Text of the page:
Overall, the Terps averaged just over 90 points per game through three games in the Big Ten tournament. That’s a remarkable feat considering that no other team in the nation averaged at least 90 points during the regular season. Maryland’s offense is rolling as it heads to another NCAA Tournament appearance.
Maryland deserves to be in conversation for a No. 1-seed in March Madness
With the official NCAA Tournament bracket unveiling just around the corner, it’s time to seriously consider Maryland as a No. 1-seed in March Madness after the it absolutely routed competition in the Big Ten tournament.
Maryland has now won 24 of its 26 games played this season and both of its losses came to top-25 teams (then-No. 17 Ohio State and then-No. 24 Missouri State). In a pretty strong Big Ten that currently features four teams in the AP Top 25 Poll, the Terps went 17-1 in the regular season, which doesn’t include the 3-0 record against Big Ten teams throughout the Big Ten tournament. The Terps also beat seven teams ranked in the top 25 of the NET, as well as 10 teams in the top-50.
After scoring 100+ points once again, Maryland continues to maintain its status of best offense in the nation. The Terps still also have the most efficient assist to turnover ratio in the country.
And despite not defeating a ranked team in the Big Ten tournament, Maryland still has a strong resume from its regular season. The Terps went 5-2 against ranked AP Top 25 teams in the regular season en route to finishing atop the Big Ten standings once again.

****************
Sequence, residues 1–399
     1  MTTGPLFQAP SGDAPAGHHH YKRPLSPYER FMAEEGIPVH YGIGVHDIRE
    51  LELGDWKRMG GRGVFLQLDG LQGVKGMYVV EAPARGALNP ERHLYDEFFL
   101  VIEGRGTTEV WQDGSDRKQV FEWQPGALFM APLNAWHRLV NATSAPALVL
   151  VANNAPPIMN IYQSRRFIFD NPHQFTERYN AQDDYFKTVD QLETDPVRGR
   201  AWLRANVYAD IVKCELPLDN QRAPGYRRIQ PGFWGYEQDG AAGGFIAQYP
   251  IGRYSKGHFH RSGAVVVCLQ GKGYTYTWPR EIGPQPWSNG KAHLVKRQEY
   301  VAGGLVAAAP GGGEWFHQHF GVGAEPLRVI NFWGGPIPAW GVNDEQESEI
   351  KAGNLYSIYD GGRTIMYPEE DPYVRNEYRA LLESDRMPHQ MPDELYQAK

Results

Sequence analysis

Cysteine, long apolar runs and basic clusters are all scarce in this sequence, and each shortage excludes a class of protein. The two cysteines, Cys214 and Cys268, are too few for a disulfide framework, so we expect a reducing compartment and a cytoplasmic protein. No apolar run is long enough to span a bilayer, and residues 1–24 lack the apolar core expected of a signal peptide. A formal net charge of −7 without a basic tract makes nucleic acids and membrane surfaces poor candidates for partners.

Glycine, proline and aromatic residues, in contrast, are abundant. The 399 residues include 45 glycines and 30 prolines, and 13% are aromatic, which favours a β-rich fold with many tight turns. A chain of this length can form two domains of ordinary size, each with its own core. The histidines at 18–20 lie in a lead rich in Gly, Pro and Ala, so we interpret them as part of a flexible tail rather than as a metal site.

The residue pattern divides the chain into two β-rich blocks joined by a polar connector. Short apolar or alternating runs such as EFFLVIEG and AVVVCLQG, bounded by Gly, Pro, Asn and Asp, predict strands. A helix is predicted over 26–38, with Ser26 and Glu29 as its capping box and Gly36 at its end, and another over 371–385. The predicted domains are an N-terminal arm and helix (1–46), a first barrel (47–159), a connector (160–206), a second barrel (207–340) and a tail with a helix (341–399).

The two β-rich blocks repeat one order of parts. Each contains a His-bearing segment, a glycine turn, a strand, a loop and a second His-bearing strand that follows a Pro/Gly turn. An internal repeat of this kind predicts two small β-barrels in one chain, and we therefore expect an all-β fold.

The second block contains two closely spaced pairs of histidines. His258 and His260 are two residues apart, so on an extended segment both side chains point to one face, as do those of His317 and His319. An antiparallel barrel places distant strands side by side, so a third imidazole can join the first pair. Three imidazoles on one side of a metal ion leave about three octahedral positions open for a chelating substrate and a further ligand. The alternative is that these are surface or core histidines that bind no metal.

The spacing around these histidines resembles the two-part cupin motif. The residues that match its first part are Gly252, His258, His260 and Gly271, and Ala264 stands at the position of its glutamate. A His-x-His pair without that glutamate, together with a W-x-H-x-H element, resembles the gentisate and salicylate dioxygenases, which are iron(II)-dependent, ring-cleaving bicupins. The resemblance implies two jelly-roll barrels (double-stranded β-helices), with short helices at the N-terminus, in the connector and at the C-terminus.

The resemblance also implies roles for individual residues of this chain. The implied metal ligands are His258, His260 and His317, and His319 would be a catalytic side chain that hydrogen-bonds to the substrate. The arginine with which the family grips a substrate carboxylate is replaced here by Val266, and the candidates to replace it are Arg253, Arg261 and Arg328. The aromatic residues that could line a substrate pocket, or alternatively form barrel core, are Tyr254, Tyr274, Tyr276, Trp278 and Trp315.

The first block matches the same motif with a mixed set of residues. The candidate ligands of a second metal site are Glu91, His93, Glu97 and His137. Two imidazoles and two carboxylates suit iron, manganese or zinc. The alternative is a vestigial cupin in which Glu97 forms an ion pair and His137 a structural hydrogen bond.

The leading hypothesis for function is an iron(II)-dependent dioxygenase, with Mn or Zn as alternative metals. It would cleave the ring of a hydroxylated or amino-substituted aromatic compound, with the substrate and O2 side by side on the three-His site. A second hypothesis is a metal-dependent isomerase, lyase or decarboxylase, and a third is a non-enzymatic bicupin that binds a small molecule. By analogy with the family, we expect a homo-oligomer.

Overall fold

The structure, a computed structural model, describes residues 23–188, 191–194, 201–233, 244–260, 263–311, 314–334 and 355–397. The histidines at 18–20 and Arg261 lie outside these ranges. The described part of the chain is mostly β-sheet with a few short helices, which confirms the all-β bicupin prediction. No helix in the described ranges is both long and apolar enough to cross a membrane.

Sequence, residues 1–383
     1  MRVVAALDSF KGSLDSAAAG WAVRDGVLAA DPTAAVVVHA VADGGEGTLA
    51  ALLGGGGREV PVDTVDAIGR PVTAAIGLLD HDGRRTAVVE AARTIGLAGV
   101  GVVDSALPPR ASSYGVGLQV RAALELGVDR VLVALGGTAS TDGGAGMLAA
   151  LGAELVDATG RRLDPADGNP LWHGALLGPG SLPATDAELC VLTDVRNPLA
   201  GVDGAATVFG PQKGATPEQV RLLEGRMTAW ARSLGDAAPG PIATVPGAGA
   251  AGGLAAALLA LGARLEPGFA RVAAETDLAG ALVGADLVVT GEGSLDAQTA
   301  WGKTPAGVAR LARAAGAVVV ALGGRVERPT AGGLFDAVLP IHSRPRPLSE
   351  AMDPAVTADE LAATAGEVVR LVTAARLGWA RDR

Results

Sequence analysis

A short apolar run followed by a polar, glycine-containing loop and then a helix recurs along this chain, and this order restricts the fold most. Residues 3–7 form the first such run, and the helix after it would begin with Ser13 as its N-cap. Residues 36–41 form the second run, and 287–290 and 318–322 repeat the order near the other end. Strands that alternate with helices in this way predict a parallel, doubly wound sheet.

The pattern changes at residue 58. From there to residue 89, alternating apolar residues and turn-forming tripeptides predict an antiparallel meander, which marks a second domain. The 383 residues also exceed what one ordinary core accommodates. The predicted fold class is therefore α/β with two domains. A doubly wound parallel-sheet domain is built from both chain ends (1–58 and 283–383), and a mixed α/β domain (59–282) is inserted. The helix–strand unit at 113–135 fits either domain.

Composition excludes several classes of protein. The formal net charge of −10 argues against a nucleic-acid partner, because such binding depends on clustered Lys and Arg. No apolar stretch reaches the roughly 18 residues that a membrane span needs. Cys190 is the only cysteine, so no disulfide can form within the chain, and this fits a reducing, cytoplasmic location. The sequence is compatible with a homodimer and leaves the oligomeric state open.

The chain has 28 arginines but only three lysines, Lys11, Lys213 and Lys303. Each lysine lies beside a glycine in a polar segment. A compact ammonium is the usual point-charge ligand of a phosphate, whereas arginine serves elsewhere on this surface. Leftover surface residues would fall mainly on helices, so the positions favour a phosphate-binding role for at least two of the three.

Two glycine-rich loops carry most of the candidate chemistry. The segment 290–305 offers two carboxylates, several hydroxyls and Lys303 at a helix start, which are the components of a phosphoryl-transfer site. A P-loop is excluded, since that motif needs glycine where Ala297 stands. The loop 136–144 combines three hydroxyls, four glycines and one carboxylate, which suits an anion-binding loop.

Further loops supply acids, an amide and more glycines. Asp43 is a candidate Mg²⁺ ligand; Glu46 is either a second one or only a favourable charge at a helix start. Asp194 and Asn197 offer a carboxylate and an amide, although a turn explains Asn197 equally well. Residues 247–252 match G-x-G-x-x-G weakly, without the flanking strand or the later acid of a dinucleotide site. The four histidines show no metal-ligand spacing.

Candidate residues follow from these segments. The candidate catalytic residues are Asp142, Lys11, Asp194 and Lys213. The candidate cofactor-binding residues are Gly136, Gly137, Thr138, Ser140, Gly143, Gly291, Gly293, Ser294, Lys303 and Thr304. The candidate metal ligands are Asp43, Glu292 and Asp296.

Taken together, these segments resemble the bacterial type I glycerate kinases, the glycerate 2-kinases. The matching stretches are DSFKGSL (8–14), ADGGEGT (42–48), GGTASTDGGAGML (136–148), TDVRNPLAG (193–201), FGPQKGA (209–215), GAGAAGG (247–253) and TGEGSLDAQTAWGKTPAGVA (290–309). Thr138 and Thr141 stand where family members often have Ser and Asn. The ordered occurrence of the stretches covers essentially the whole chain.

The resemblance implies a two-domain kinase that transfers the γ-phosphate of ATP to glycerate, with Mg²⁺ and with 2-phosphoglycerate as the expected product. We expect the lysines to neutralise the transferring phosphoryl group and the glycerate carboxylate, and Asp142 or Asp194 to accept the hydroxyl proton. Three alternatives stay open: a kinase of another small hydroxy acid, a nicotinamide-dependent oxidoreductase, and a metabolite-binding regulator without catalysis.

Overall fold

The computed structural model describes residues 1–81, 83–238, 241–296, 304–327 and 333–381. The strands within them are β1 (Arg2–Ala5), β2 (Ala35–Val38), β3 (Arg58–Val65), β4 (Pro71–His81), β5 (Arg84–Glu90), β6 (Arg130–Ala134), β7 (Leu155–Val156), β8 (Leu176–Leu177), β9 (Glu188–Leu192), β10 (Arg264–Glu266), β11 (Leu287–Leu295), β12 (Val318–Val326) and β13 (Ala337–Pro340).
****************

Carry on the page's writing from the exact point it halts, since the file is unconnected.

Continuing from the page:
Since its second loss of the season, all the way back on Jan. 25, Maryland has won 13 straight games, all coming against Big Ten teams. In those 13 wins, not a single opponent has finished within single digits of Frese’s squad. Maryland’s closest margin of victory came in the quarterfinals against Nebraska, when it won by 10 points.
It’s been a season of dominance for Frese and the Terps, and after winning its fifth Big Ten tournament title in seven seasons, it’s time to put Maryland into serious consideration for a No. 1-seed.
“I know we’re really excited about what lies ahead, but we’re gonna cherish this,” Frese said. “This was three days of really a ton of work and putting it together but, you know, this one’s a special one... this one is going to be one that I’ll always remember.”